Motivation: Histone proteins play important roles in chromosomal functions. They are significantly evolutionarily conserved across species, which suggests similarity in their transcription regulation. The abundance of experimental data on histone promoters provides an excellent background for the evaluation of computational methods. Our study addresses the issue of how well computational analysis can contribute to unveiling the biologically relevant content of promoter regions for a large number of mammalian histone genes taken across several species, and suggests the consensus promoter models of different histone groups. Results: This is the first study to unveil the detailed promoter structures of all five mammalian histone groups and their subgroups. This is also the most comprehensive computational analysis of histone promoters performed to date. The most exciting fact is that the results correlate very well with the biologically known facts and experimental data. Our analysis convincingly demonstrates that computational approach can significantly contribute to elucidation of promoter content (identification of biologically relevant signals) complementing tedious wet-lab experiments. We believe that this type of analysis can be easily applied to other functional gene classes, thus providing a general framework for modelling promoter groups. These results also provide the basis to hunt for genes co-regulated with histone genes across mammalian genomes.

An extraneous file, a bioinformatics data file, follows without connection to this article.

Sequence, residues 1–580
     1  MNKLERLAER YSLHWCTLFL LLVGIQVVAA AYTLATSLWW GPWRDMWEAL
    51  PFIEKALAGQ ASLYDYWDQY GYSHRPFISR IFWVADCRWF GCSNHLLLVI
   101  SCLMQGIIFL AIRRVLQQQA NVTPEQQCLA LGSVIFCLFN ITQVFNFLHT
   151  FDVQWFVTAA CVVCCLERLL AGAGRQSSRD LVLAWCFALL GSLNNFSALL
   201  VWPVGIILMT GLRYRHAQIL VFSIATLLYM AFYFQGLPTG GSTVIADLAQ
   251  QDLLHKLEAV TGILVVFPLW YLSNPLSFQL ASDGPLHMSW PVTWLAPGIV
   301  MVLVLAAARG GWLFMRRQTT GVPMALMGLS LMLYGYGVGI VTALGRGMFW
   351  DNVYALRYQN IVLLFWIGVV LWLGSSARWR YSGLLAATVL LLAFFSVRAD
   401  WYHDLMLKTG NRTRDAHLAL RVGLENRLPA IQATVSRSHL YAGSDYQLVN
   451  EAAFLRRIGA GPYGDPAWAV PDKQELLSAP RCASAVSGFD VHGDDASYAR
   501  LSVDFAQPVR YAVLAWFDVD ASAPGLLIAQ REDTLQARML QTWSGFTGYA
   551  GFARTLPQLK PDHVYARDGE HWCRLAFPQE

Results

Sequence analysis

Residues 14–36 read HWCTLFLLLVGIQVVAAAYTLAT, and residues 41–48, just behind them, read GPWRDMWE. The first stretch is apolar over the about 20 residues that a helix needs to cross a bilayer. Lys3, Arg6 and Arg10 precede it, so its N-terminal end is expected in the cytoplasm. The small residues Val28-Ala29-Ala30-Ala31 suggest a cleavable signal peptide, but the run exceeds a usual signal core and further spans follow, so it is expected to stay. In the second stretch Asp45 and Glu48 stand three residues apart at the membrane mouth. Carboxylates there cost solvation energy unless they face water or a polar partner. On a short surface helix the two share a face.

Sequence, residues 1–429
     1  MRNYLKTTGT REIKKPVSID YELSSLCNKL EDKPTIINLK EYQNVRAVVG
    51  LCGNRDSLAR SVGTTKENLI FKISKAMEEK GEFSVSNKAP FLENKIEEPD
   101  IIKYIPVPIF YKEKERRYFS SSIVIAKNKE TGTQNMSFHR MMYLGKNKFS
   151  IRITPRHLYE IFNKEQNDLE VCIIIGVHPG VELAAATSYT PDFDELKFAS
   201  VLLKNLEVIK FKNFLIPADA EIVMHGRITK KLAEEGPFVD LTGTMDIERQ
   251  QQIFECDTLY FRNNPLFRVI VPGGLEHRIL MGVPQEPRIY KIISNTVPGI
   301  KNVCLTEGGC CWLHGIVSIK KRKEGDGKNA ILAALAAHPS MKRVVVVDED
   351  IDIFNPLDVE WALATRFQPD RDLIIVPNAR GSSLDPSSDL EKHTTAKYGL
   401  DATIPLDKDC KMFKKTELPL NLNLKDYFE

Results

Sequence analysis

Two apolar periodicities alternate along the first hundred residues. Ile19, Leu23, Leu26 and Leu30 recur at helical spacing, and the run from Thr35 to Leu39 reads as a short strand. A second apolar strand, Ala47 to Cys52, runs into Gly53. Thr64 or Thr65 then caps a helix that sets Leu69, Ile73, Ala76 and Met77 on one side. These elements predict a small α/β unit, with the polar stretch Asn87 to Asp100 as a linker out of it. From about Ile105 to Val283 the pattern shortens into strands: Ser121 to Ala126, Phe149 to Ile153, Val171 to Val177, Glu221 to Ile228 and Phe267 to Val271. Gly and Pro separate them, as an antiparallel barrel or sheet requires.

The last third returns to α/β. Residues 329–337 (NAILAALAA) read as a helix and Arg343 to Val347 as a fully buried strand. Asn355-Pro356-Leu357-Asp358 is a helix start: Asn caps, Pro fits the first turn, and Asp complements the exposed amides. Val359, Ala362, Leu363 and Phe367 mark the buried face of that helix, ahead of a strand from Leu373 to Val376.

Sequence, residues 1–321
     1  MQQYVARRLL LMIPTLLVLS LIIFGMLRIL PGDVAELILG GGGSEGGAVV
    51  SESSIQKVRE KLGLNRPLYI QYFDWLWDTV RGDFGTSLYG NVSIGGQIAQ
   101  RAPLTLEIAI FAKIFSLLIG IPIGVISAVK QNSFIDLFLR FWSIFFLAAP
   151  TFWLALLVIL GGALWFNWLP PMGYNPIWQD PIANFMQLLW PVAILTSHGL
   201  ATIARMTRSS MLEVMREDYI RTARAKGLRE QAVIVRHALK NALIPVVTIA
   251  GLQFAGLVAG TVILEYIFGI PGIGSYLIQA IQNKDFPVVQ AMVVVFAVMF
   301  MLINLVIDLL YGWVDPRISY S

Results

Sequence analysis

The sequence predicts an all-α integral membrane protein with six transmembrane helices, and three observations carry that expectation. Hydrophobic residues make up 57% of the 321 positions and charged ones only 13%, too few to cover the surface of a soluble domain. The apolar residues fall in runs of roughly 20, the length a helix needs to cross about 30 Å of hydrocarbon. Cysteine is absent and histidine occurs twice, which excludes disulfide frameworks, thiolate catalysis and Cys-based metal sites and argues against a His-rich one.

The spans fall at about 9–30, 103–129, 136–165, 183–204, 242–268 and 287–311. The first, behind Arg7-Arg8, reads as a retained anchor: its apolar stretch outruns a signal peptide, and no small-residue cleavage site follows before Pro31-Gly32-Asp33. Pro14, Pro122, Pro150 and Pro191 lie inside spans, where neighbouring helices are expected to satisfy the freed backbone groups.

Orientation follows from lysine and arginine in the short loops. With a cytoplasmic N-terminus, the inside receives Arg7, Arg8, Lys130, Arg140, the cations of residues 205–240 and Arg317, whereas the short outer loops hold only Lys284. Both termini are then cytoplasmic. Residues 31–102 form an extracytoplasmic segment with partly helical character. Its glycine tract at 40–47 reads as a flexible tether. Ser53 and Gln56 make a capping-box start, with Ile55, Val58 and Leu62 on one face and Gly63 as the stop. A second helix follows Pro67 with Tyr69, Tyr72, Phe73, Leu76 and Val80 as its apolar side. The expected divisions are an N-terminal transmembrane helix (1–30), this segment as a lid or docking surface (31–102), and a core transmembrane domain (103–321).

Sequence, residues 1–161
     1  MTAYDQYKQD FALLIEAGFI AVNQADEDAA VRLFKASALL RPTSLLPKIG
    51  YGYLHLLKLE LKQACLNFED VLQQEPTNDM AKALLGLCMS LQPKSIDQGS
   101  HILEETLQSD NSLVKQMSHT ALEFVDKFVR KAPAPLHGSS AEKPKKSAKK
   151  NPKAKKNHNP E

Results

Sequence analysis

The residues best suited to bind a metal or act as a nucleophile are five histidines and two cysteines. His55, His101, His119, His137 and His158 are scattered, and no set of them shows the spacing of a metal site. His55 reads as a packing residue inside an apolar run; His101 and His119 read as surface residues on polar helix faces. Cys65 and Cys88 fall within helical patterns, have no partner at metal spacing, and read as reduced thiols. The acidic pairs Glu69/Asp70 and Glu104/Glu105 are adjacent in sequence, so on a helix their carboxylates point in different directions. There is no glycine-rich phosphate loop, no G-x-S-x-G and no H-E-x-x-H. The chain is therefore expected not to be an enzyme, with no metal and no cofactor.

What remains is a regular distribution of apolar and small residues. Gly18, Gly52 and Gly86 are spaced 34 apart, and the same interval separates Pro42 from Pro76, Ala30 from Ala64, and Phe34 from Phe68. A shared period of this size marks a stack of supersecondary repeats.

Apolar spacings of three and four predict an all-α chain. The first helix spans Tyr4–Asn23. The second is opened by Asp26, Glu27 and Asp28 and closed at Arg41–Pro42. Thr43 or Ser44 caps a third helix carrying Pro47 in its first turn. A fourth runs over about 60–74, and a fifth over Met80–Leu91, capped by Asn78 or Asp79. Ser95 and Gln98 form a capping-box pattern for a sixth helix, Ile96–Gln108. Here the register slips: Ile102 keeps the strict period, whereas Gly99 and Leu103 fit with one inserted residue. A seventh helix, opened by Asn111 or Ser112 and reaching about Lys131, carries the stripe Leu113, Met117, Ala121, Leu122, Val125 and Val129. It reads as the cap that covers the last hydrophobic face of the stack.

ASJC Scopus subject areas
- Statistics and Probability
- Molecular Biology
- Computer Science Applications
- Computational Theory and Mathematics
- Computational Mathematics